One of Indonesia's deadliest volcanos began erupting Saturday, but there was no visual confirmation of activity because the peak was cloaked in dense fog, a senior government volcanologist said.

Seismic readings showed Mt. Kelud was erupting, said Saut Simatupang, a leading scientist with Indonesia's Volcanology Center. The mountain was put on high alert several weeks ago and tens of thousands of people have been forced to evacuate the area.

Another volcanologist who has been watching Kelud from a viewing station, Umar Rosadi, said the crater did not appear to have spewed lava or ash.

Panicked residents fled the mountain's slopes and monitors were ordered to abandoned their posts Saturday, witnesses said.

Hundreds of underground tremors have been shaking the area and the temperature of its crater lake has reached the highest level since the mountain was put on high alert several weeks ago.

In 1990, Mt. Kelud killed more than 30 people and injured hundreds. In 1919, a powerful explosion that could be heard hundreds of miles away destroyed dozens of villages and killed at least 5,160.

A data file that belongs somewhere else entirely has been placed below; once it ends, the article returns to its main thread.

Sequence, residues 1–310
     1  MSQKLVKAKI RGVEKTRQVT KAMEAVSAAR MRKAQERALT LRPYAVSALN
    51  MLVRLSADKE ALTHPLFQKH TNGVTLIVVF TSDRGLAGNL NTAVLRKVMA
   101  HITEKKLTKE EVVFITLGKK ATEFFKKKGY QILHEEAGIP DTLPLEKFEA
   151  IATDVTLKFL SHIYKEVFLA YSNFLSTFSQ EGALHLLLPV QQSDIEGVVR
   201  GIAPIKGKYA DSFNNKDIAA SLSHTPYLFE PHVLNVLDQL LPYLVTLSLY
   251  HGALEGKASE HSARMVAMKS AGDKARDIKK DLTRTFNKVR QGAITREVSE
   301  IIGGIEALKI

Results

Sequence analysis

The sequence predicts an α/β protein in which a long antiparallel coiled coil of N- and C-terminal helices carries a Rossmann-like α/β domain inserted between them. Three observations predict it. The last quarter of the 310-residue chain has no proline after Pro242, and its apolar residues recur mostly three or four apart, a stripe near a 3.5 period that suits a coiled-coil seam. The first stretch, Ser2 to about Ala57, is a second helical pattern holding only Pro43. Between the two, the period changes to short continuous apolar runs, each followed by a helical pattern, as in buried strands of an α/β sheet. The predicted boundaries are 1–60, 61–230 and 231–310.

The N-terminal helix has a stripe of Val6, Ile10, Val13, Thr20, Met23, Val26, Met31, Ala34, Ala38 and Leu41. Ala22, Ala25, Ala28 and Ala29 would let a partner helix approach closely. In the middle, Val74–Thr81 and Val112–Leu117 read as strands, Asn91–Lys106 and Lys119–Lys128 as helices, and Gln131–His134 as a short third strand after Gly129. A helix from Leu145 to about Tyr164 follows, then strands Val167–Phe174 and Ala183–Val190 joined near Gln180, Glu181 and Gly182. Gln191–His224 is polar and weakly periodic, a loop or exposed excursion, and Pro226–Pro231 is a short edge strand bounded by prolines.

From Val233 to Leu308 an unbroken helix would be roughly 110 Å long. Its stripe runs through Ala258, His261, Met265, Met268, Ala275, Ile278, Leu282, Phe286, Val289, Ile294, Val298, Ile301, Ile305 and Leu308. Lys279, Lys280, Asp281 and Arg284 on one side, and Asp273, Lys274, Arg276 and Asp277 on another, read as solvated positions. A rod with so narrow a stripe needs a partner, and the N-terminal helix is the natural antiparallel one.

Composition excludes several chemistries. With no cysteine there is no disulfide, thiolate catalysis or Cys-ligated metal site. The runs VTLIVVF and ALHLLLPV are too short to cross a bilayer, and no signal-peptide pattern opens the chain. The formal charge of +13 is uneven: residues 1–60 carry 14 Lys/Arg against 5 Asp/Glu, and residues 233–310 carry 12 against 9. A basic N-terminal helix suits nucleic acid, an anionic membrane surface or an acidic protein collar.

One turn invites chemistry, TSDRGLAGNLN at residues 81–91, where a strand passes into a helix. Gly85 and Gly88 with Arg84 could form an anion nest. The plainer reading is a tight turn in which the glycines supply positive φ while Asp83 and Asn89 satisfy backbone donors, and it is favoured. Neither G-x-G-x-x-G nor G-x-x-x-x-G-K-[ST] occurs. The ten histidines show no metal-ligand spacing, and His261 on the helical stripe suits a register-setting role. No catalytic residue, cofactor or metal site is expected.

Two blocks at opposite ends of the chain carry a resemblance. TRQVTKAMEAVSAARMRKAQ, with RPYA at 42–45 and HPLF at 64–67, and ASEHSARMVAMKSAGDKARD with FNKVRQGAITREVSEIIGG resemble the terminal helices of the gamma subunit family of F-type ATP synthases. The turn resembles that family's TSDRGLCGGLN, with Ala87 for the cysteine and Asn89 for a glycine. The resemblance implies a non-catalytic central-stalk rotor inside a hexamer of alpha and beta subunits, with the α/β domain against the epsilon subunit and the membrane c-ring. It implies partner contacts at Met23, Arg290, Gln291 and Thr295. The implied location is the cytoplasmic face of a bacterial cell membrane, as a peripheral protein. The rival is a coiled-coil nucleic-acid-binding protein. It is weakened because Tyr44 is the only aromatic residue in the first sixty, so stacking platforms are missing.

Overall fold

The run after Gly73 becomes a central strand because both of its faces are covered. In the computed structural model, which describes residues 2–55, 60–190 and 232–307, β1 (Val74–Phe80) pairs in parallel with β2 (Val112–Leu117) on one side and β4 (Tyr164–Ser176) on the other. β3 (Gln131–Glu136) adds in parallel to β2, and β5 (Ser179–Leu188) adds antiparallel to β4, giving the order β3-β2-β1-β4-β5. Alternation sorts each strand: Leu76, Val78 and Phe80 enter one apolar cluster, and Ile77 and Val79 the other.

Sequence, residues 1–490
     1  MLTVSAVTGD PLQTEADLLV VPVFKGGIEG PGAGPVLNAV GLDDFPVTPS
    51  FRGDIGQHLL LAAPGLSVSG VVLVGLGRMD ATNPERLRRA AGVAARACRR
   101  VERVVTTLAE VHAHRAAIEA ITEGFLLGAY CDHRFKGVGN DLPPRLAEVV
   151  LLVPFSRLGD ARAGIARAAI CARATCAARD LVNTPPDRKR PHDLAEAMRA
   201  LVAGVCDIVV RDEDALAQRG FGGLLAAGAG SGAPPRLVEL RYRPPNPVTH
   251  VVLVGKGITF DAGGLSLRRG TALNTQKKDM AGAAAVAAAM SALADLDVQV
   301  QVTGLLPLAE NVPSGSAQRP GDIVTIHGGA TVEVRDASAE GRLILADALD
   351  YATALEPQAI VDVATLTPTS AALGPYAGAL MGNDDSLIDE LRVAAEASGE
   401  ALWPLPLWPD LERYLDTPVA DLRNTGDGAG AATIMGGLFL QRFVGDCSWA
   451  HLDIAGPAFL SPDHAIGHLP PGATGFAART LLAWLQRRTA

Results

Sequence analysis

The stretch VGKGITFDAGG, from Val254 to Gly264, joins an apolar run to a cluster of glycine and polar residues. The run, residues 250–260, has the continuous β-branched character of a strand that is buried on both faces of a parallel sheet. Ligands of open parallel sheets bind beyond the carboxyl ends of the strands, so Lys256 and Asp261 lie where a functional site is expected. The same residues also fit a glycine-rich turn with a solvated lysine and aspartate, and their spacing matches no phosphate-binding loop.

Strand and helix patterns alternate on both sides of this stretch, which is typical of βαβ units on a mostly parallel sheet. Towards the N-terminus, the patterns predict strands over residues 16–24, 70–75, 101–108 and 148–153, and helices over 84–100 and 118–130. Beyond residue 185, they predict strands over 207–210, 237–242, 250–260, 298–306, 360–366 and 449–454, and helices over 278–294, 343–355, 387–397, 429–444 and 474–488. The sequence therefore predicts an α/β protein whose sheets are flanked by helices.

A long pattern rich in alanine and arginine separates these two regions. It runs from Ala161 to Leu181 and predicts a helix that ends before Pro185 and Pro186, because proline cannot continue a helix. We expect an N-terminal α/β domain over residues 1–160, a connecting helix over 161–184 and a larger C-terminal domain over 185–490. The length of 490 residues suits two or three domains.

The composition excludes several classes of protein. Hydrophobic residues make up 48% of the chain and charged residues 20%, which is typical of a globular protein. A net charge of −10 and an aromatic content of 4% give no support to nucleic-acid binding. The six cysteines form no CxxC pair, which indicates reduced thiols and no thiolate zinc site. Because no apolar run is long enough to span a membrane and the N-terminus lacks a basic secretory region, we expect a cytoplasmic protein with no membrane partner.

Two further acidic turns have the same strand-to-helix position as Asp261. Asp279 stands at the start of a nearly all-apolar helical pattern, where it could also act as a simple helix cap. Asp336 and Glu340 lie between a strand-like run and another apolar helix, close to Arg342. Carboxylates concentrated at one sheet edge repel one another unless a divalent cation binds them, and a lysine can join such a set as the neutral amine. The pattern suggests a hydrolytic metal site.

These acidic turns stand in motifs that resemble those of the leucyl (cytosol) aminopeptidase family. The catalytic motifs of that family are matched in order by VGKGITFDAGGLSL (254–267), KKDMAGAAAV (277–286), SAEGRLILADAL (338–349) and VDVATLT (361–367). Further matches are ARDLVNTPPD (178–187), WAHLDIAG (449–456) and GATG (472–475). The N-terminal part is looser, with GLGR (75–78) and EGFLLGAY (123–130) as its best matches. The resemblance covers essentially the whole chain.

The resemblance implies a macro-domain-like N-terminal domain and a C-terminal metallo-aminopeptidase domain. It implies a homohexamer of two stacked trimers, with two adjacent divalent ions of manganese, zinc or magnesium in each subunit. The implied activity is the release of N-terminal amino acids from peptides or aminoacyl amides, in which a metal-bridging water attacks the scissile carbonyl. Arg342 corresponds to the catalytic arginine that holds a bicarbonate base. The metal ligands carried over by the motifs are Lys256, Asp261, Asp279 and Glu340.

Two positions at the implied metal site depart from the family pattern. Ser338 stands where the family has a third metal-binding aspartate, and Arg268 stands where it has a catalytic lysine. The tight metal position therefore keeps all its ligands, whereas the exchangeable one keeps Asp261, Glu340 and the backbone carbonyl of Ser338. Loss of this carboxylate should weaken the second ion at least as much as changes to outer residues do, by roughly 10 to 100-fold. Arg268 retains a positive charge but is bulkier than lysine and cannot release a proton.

On Thursday, police went door-to-door and used megaphones to order villagers to flee to tent camps.

More than 100,000 people living in areas considered to be at risk were ordered from their homes last month, but most never left or have since returned to their homes, officials say.

Some of those who stayed behind were asked to sign a statement saying they would not seek compensation funds if they were injured or lost family members due to an eruption, said local community leader chief Susiadi, who also goes by a single name.